Why are the rail workers striking? When are the train strikes in Scotland and the UK this week?
The Rail, Maritime and Transport union (RMT) has confirmed industrial action will go ahead on Tuesday, Thursday and Saturday, although disruption is possible for the rest of the week.
The Government has been told that the planned rail strikes could devastate Britain's post-Covid recovery and cost key industries over a billion pounds. Kate Nicholls, chief executive of industry group UK Hospitality, warned tourism and leisure businesses were already fragile after pandemic lockdowns and would take a "big hit".
"At the best, we think it's going to take a hit to hospitality revenues of over half a billion pounds,” said Ms Nicholls while speaking to Times Radio. "But that presupposes that many people will travel on those shoulder days when the trains and the Tubes will still be disrupted - it could be more significant than that. If you look across the whole tourism, and leisure and theatre industries as a whole, you are definitely looking at an economic hit of over a billion pounds."
Ms Nicholls went on to note that tourism and hospitality businesses had already been damaged by the cost-of-living crisis and urged the Government, rail networks, and the RMT to reach an agreement.
"Next week's strikes are so devastating because... we were starting to get back on our feet, starting to rebuild those cash reserves," she said. "This is a big hit next week where we will lose the best part of a week's income for many of those town centre, and particularly central London, businesses. We would urge all sides in this dispute to try and come together to resolve this issue so that we don't put commuters, visitors, tourists at a disadvantage and we don't damage our businesses."
Here’s why the rail workers are striking and what you can expect in Scotland this week.
Why are rail workers striking?
Tens of thousands of rail workers are striking as thousands of jobs are cut across the rail networks and remainng workers face below inflation pay rises, according to the RMT general secretary Mick Lynch.
"It has to be restated that the source of these disputes is the decision by the Tory government to cut £4bn of funding from our transport systems - £2bn from National Rail and £2bn from Transport for London," Mr Lynch said.
The Government has urged the Union to abandon the strike action, with a Department for Transport spokesperson stating: "Strikes should always be the last resort, not the first, so it is hugely disappointing and premature that the RMT is going ahead with industrial action.
"The government committed £16bn - to keep our railways running throughout the pandemic while ensuring not a single worker lost their job. The railway is still on life support, with passenger numbers 25% down and anything that drives away even more of them risks killing services and jobs."
When are the train strikes in Scotland?
Strikes on Network Rail and 13 other train operators are expected on three days next week, while London Underground workers will walk out on Tuesday. ScotRail will be running roughly 180 services per day, compared to the 2,150 usually on offer.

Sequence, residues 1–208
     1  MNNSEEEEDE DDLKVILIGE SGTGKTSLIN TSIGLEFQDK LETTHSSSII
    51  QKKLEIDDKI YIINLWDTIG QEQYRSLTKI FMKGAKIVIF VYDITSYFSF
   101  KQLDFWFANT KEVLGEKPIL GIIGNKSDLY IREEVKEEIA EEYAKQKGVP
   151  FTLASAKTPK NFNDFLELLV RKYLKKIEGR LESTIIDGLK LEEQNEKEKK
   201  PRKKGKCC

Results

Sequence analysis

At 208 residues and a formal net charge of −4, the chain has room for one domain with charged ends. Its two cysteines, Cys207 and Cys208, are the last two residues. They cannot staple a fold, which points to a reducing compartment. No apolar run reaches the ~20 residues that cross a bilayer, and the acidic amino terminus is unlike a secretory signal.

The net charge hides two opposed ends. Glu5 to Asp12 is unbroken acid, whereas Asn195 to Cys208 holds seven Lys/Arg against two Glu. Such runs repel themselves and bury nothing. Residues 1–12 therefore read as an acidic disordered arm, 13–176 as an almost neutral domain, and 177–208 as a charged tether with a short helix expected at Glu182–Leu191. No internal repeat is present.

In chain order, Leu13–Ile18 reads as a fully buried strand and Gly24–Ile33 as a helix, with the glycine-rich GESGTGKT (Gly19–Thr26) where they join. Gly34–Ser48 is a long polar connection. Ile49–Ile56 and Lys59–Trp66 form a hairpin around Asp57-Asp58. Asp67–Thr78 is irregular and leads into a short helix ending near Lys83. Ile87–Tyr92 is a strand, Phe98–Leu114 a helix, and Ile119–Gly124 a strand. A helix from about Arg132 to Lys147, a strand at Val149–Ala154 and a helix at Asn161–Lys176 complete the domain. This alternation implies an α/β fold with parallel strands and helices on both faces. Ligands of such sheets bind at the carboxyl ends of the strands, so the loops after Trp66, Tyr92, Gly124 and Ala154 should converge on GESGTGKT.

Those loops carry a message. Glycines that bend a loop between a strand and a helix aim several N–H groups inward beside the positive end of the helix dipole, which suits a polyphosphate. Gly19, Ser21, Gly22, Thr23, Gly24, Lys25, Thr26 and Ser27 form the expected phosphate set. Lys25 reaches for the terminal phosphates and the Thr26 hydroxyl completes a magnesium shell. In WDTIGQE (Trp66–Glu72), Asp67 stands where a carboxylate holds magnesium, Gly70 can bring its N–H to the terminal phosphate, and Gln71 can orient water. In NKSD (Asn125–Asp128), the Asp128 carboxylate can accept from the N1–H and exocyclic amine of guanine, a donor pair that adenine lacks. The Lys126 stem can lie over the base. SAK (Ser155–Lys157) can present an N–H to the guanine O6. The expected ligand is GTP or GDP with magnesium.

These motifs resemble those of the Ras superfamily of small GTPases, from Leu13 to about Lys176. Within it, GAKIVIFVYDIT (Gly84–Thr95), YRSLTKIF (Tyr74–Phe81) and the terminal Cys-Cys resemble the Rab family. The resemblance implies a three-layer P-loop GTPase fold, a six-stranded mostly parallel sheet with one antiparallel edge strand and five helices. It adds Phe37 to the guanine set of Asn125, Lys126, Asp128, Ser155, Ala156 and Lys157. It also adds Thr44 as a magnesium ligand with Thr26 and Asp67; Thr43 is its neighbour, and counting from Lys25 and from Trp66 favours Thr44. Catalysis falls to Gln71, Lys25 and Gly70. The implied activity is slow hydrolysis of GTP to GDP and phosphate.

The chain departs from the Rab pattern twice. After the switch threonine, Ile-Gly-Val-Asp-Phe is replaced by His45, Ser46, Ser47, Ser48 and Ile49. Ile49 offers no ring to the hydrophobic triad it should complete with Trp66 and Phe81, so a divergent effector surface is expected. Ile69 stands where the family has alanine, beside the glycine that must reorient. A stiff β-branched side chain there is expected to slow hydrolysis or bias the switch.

Along with other national services, ScotRail will be affected by strikes on Tuesday June 21st, Thursday June 23rd, and Saturday June 25th. Trains will therefore only be able to operate the following services between 7.30am and 6.30pm:
- Edinburgh to Glasgow via Falkirk High, two trains per hour
- Edinburgh to Bathgate, two trains per hour
- Glasgow to Hamilton/Larkhall, two trains per hour
- Glasgow to Lanark, two trains per hour
- Edinburgh to Glasgow via Shotts, one train per hour
You can find specific train times and disruption to ScotRail services on their website.
What to do amid rail strikes in Scotland
Commuters are advised to avoid travelling on strike days unless absolutely necessary, but there are ways to find alternative routes to travel into city and town centres. For example, Stagecoach, the country's biggest bus and coach operator, said that next week's bookings for its Megabus service had spiked by 85%.
"With the upcoming train strikes fast approaching, many people will be wondering what to do if they bought a ticket and have now had their train cancelled,” said Rory Boland, editor of Which? Travel. "If you can't travel and you have an unused ticket, you should be able to cancel and get a fee-free refund. A full refund also applies if you have started your journey but are unable to complete it due to delay or cancellations, and so have returned to your departure point."
David Simpson, ScotRail service delivery director, also offered advice to Scottish customers.
“It is very unfortunate to see such widespread disruption across the whole of the Great Britain rail network and we know this will be frustrating for ScotRail customers,” he said. “Regrettably, this strike action by RMT members of Network Rail means that we will not be able to operate the vast majority of our services during the period of strike action. Customers should expect significant disruption to services next week, including on the days between strike action.
“On the five routes where we are able to operate a very limited service on strike days, we’re advising customers to seek alternative means of transport and to only travel if they really need to.”
Additional reporting by PA.
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